170727PEKING

Four Dishes members Beth Webb and Jennifer Spangler shared the Szechwan pork, left, and Mongolian beef during a recent visit to Peking Chinese Restaurant in Janesville. While they enjoyed the beef, the pair preferred the pork because of its heat and flavor combinations.

Beth Webb photo

JANESVILLE

Peking Chinese Restaurant emphasizes decor more than most of Janesville’s local restaurants. Ornate golden lion statues flank the entrance, and the warm wood tones combined with red lanterns and wall sconces inside make for a cozy, comfortable atmosphere.

Established in 1986 and known to be the first restaurant in Wisconsin to serve Szechwan and Northern-style Mandarin cuisine, Peking still resides in its original location on Milton Avenue. The dining area is nicely lit but a little chilly, so we suggest bringing a sweater. Booths line three walls, and there are several tables in the center for larger parties.

We were surprised to see so many cars in the parking lot when we visited on a Tuesday evening. The hostess led us to a booth and promptly brought our water.

As with many Asian menus, there was a long list of numbered items to mull over. Since we came hungry, we quickly decided on a couple of appetizers to buy some time and curb our appetites while we deliberated over entrees.

For starters, we had to try the teriyaki beef sticks (2/$4.50) and fried wontons (6/$2.50).

The beef sticks, served on wooden skewers, consisted of tender, succulent hunks of beef with sliced green peppers and onions. The beef was flavorful, and the ratio of meat to vegetables was perfect. Peking doesn’t skimp on meat.

The beef filled wontons were good but a bit too crispy. They came with two traditional dipping sauces: sweet and sour and hot Chinese mustard. Helene couldn’t keep her hands off of them, and she kept getting an intense brainwave rush. Still, both were delicious.

When our server came to take our order, we had several questions. She was very accommodating, so we peppered her with inquiries such as “What is in the Peking Platter appetizer?” (it includes all appetizers except fried wontons) and “Is moo shu sauce purple?” (no, it is blackish and slightly sweet).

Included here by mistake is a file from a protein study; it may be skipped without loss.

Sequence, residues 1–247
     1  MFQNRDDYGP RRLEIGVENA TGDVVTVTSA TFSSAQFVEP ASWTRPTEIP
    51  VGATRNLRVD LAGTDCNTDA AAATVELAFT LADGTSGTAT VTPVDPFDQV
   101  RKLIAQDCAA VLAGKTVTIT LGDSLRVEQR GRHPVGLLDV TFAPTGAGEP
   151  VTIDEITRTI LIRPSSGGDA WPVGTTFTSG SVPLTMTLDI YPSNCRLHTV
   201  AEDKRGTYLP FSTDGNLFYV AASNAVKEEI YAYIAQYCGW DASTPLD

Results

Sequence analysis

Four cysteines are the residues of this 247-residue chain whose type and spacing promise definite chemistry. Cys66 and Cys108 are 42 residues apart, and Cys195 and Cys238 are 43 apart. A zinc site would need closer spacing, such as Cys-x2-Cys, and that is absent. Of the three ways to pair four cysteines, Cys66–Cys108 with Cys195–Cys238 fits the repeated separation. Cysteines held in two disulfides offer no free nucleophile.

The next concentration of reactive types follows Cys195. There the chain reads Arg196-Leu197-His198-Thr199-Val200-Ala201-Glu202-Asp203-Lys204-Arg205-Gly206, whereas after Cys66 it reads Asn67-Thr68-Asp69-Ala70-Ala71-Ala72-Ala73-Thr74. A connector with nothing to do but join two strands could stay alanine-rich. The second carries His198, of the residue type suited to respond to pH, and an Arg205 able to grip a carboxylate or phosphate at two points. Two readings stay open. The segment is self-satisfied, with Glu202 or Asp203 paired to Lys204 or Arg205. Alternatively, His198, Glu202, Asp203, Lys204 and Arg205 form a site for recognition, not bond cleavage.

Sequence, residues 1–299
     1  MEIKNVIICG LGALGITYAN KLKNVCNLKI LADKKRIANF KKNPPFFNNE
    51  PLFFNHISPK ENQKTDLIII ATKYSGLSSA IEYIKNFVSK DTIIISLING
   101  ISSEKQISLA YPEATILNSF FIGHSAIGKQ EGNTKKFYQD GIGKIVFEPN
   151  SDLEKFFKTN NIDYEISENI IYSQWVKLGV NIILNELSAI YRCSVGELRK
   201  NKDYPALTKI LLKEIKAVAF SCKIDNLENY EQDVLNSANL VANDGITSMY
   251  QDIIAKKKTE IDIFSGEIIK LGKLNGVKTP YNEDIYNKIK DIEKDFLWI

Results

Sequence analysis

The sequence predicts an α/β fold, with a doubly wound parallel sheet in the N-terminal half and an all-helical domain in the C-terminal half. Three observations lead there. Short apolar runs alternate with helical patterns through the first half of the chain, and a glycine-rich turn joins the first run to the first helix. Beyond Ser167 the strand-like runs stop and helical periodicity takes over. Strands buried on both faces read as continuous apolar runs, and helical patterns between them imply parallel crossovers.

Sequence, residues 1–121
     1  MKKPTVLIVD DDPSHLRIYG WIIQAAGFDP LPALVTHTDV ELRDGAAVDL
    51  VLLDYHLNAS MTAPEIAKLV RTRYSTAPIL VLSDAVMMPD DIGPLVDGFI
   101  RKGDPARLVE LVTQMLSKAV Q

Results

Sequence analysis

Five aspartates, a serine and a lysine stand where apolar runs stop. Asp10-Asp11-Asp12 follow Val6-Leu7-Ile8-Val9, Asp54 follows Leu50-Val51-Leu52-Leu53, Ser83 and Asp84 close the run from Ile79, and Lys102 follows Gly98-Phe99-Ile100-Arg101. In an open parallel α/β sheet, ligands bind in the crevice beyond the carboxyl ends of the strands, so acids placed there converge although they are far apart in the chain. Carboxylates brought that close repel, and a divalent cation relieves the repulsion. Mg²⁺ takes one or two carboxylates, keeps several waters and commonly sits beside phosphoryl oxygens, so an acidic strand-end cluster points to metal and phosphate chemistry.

We gained a lot of information as she explained that every dish served at the restaurant is made to order. If a selection says that it is “hot,” Peking can make it mild, and brown and white sauces can easily be exchanged. This is good to know because the white sauce is gluten-free and the brown is not.

After our inquiry into the moo shu sauce, our server not only described it but also brought a bowl to our table for sampling. What great customer service!

When Jennifer noticed potstickers ($3.50) on the menu, she knew this would be one of her choices. The Chinese dumplings are served either steamed or fried, and Jennifer decided fried was the way to go. Five potstickers arrived with the traditional dipping sauce made from soy sauce, ginger and rice vinegar. Crispy on the outside and tender with ground meat and Chinese vegetables in the middle, they were delightful.

Always a big fan of fried rice ($8.95), Jennifer chose the pork variety. A huge platter with enough to feed at least three people was overflowing with thinly sliced, tender pork, carrots, peas, onions and bean sprouts. It was moist and delicious in every way.

Entree No. 63—the Mandarin double greens ($9.50)—was Helene’s choice. Including just a simple plate of broccoli and snow pea pods in a light white sauce (with rice included), the meal was bland but easily perked up with a little soy sauce. The vegetables were cooked to perfection, as the snow pea pods had a nice crunch and the large broccoli crowns were tender enough to easily chew through.

For our entrees, Nikki and I decided to share the Mongolian beef ($10.75) and the Szechwan shredded pork ($9.95). The pork was served with thin strips of carrots, bell peppers and bamboo shoots in a spicy sauce that featured garlic and chilies—both signature Szechwan ingredients.

The Mongolian beef had a salty, smoky flavor as if it had just come off a barbecue. The meat was tender and plentiful, and it was served with sauteed green onions, cellophane noodles and rice. Both dishes were tasty, but of the two, the Szechwan pork’s heat and combination of flavors edged it ahead of the beef.

For anyone whose sweet tooth requires more than the traditional fortune cookie for dessert, Peking offers almond cookies (4/$1). They won’t entertain you with confusing predictions, but the crisp, buttery cookies boast intense almond flavor and pair well with an after-dinner cup of coffee or tea.

The Four Dishes—Nikki Bolka, Helene Ramsdell, Jennifer Spangler and Beth Webb—review regional restaurants for The Gazette.

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